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The defense rests for the Kings in loss to Lightning

Helene Elliott, Los Angeles Times on

Published in Hockey

LOS ANGELES--The signs were there all along.

But in the flush of the Los Angeles Kings' early scoring success and their hot start -- led by the goaltending acrobatics of feisty Jonathan Quick -- it was easy to overlook that their defensive performances were beginning to unravel.

It didn't seem to matter to anyone other than Coach John Stevens, a former defenseman who was in charge of the team's defense corps before he was promoted to the top job last summer, that they were giving up more scoring chances in dangerous areas than they should have been allowing, because Quick had stopped nearly 94 percent of all the shots he faced. And it wasn't a big deal that the Kings had so many slow starts because they had assembled the NHL's third-best record and had repeatedly showed they could come back and could outscore almost anyone.

It's a big deal now.

The Kings were flat-footed and mostly defenseless through the early and middle stages of their 5-2 loss Thursday night to the Tampa Bay Lightning, who had played the night before in San Jose.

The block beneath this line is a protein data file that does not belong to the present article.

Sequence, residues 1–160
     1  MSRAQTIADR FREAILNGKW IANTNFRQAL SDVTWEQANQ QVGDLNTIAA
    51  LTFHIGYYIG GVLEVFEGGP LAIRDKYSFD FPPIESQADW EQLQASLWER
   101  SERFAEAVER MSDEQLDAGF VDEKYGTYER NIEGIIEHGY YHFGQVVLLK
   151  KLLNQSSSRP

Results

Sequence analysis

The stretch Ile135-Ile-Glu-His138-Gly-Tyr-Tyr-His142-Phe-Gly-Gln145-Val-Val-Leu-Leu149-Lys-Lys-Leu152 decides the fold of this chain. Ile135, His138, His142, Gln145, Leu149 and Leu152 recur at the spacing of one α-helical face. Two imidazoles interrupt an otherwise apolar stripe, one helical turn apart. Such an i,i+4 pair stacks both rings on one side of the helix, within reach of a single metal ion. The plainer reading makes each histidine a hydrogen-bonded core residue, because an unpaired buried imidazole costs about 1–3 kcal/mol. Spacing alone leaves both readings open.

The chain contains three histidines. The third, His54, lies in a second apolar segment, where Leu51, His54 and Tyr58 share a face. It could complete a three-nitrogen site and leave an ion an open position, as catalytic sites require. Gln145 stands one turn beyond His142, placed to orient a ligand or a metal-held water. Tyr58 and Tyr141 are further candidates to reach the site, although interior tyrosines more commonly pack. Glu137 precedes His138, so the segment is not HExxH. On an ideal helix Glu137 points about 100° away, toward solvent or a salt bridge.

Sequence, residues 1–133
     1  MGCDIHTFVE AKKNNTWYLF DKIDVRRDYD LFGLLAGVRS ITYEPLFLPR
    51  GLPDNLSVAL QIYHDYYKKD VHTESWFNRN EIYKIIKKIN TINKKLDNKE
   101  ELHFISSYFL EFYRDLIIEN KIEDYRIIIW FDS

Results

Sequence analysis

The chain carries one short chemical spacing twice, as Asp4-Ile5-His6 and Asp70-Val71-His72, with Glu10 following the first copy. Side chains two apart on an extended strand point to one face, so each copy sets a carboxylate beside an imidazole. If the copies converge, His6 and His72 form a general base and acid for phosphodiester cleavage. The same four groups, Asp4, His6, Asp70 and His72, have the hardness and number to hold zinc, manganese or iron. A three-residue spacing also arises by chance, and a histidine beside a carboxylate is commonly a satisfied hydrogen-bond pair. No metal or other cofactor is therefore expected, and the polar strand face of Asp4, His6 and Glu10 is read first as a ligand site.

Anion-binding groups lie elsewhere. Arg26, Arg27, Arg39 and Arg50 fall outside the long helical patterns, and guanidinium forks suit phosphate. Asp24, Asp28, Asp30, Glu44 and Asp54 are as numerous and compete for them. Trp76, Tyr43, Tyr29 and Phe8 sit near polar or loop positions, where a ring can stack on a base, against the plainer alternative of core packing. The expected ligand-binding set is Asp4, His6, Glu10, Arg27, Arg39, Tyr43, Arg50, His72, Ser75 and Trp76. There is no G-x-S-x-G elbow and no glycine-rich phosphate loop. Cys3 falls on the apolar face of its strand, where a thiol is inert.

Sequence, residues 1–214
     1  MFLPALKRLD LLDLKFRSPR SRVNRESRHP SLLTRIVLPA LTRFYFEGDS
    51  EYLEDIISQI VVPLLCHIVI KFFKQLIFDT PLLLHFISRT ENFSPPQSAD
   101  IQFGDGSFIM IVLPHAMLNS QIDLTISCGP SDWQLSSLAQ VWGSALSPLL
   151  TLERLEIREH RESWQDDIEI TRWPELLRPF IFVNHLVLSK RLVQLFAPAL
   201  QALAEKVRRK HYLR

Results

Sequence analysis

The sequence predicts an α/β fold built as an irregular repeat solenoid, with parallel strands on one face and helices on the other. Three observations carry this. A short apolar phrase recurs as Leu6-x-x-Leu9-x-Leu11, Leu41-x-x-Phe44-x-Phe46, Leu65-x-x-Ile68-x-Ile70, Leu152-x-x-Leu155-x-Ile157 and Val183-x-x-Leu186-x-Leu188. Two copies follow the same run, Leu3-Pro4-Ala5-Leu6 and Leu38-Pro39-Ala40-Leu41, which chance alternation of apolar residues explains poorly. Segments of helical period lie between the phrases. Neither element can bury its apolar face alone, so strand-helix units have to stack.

The Kings gave up too many prime scoring chances to a team that has the NHL's best record, a team that -- like the Kings -- used a non-playoff finish last season as inspiration to retool and reconfigure its lineup to compete at the quicker pace now required for success.

The Kings knew the Lighting would present a formidable challenge because of their speed, quick puck movement boosted by a mobile defense and exceptional scoring depth.

After the Kings' morning skate Stevens called Tampa Bay the best team he had seen this season. Defenseman Drew Doughty was effusive in praising the top line of Vladislav Namestnikov, NHL goalscoring leader Nikita Kucherov and league scoring leader Steven Stamkos.

"I don't know if there really is a better line out there right now," Doughty said. "They've got three high-skilled players, high IQ, they all know how to score, they all know how to get open, they all know how to pass. It's just a tough line to play against."

Doughty and the Kings learned just how tough that task it is.

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